The world's net rate of forest loss has slowed markedly in the last decade, with less logging in the Amazon and China planting trees on a grand scale.
Yet forests continue to be lost at "an alarming rate" in some countries, according to the UN Food and Agriculture Organization (FAO).
Its Global Forest Resources Assessment 2010 finds the loss of tree cover is most acute in Africa and South America.
But Australia also suffered huge losses because of the recent drought.
"It is good news," said the report's co-ordinator Mette Loyche Wilkie, a senior forestry office with FAO.
"This is the first time we've been able to say that the deforestation rate is going down across the world, and certainly when you look at the net rate that is certainly down.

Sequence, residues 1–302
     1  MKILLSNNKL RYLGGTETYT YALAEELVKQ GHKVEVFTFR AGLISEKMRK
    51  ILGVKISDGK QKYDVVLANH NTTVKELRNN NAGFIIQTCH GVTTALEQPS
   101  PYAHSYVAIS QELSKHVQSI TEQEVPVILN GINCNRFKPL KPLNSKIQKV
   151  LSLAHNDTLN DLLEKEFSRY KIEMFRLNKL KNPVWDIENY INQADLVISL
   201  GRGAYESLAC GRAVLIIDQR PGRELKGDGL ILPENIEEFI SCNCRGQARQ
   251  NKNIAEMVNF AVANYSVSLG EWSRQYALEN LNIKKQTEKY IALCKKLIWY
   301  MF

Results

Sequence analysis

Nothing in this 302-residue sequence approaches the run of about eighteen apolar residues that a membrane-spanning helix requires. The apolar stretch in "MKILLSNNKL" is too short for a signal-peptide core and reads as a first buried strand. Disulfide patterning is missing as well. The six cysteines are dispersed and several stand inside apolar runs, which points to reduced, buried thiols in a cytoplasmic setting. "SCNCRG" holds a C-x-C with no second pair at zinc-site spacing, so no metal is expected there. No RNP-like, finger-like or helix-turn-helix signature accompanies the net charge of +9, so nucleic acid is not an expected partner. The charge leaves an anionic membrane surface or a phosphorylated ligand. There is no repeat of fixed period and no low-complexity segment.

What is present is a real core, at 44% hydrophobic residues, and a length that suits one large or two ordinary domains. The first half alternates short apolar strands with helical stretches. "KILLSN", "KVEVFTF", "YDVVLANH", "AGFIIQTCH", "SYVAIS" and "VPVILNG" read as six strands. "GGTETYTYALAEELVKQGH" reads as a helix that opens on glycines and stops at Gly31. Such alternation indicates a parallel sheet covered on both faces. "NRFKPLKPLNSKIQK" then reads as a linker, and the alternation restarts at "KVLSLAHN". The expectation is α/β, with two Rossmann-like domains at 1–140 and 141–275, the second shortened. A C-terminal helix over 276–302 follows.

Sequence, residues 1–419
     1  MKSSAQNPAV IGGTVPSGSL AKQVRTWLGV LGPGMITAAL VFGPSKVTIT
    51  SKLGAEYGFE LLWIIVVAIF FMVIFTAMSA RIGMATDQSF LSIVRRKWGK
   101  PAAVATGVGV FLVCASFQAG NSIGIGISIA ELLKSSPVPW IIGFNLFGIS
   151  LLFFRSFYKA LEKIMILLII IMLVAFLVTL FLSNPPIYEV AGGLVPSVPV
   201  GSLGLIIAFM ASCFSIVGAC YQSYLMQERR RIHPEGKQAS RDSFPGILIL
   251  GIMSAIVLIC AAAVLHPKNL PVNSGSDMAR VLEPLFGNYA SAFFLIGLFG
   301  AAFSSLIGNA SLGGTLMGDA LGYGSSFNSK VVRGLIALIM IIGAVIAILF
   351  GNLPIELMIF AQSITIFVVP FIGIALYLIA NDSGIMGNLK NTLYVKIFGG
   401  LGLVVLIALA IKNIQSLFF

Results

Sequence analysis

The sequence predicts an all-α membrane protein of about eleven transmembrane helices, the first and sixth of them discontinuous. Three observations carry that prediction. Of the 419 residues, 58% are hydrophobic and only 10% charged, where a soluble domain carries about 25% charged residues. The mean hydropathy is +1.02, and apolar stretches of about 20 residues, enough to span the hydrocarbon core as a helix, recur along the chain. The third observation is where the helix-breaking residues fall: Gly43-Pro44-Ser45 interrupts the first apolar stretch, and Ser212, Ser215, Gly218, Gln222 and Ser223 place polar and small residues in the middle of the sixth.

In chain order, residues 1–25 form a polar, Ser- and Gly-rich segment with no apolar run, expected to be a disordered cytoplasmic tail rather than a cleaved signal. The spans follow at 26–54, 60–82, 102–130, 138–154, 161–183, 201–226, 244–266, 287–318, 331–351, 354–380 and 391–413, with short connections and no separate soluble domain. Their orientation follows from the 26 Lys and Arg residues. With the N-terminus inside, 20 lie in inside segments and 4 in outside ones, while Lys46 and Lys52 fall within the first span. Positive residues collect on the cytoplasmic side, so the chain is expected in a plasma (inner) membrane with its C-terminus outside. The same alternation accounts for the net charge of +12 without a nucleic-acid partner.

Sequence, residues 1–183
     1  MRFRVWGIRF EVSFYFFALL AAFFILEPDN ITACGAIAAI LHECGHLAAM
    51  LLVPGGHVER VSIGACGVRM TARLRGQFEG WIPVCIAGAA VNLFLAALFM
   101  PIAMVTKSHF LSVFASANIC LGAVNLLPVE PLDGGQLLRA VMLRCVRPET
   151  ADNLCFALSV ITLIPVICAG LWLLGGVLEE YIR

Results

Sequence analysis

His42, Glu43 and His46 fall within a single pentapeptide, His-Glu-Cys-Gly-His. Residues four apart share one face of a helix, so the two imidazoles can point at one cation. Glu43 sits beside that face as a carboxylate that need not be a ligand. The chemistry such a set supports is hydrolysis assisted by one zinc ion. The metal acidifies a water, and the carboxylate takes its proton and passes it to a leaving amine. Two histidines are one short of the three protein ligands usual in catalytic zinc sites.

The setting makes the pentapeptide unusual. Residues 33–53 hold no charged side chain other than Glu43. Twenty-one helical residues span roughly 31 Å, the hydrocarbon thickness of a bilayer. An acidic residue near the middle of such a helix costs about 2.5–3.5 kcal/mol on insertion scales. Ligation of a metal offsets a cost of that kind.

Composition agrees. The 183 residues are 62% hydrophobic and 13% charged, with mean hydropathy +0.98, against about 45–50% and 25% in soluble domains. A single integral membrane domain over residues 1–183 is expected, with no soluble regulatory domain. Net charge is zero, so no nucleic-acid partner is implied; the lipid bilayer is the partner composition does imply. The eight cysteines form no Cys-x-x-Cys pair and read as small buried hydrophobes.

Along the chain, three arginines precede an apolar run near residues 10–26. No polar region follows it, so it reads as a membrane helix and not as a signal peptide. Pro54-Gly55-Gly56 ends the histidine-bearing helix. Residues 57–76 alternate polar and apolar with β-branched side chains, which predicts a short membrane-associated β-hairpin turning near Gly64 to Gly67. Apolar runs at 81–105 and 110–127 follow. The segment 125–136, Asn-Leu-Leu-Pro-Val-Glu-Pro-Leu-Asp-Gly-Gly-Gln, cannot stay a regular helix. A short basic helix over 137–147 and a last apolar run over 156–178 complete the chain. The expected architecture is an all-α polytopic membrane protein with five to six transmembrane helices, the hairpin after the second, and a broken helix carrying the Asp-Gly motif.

"But the situation in some countries is still alarming," she told BBC News.
The last decade saw forests being lost or converted at a rate of 13 million hectares per year, compared to 16 million hectares in the 1990s.
However, new forests were being planted to the tune of more than seven million hectares per year; so the net rate of loss since the year 2000 has been 5.2 million hectares per year, compared to 8.3 million in the 1990s.
Globally, forests now cover about 31% of the Earth's land surface. ...